Australasian Science: Australia's authority on science since 1938

One Jab for Flu Vaccine

Researchers are a step closer to creating a universal one-shot influenza vaccine following the discovery that T cells can recognise and attack emerging mutant strains of the virus.

An international research collaboration led by A/Prof Katherine Kedzierska from the Peter Doherty Institute for Infection and Immunity and Dr Stephanie Gras from Monash University used cutting-edge technology to capture the response of individual T cells to the various strains.

The study, published in Proceedings of the National Academy of Sciences (http://tinyurl.com/h77ejfe), determined how the T cells reacted to new mutant strains of influenza as well as viruses to which they had previously been exposed.

The team used the Australian Synchrotron to scrutinise the structure of the cells and identify how they recognise the mutant strains. They found that their flexibility and ability to adapt enabled the T cells to “bully” the new strains into submission.

Kedzierska said that finding this piece of the puzzle was a major step forward on the path to creating a one-shot T cell-mediated influenza vaccine that provided life-long immunity against the virus. “Previous research has shown us that T cells provide universal protective immunity to influenza, but we didn’t know why or how until now… This study enabled us to dissect the immune response to understand how this immunity occurs.”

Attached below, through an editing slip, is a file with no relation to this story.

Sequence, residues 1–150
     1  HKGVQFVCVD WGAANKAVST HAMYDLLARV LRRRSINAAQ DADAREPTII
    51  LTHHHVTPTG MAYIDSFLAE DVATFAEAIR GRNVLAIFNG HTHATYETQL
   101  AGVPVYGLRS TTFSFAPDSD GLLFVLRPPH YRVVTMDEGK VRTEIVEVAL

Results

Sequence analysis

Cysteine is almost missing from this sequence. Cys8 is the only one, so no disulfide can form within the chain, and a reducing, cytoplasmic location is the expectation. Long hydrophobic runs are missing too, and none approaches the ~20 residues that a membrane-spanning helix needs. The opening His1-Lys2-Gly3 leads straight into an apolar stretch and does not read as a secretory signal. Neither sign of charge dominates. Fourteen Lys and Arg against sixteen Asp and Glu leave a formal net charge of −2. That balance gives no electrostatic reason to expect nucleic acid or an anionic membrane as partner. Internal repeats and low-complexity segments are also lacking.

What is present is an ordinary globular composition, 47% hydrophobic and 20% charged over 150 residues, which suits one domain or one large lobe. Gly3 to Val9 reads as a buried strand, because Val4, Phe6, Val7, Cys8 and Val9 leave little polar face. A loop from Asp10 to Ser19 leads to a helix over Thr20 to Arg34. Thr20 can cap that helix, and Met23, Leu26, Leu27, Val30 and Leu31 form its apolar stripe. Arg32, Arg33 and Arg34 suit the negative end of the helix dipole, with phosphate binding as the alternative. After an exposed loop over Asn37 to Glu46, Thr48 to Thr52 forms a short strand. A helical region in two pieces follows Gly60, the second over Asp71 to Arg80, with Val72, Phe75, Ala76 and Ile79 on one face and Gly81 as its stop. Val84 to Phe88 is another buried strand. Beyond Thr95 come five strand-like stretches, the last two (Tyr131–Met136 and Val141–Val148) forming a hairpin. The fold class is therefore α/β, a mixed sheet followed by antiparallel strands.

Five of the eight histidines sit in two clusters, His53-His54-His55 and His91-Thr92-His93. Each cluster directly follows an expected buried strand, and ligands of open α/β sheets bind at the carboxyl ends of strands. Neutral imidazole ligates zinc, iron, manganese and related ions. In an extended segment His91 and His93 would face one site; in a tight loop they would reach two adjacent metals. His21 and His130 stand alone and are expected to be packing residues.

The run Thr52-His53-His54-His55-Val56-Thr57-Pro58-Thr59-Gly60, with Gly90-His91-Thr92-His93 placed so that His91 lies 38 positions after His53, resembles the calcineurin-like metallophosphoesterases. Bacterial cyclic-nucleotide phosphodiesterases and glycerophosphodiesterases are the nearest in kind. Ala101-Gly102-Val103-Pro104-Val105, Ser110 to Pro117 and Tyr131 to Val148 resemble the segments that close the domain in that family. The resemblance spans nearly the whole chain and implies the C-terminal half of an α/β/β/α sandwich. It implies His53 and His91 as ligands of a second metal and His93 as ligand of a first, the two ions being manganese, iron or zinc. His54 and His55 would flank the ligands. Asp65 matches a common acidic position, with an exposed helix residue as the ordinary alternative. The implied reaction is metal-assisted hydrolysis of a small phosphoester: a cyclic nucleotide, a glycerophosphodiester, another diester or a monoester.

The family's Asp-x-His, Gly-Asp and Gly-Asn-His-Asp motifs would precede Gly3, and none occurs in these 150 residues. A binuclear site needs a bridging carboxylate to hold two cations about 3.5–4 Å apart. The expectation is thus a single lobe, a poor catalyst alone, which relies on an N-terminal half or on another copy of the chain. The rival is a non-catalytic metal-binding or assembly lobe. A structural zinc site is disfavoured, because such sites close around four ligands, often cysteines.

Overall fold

However, further research is necessary before a universal vaccine can be created. “Our past research has shown that only a seventh of the world’s population have the tissue make-up that provides universal immunity to influenza – the difference between a runny nose and being bed-ridden,” Kedzierska said. “Now we know what to look for, our challenge is to find these receptors in those with a different tissue composition and elicit a similar response.”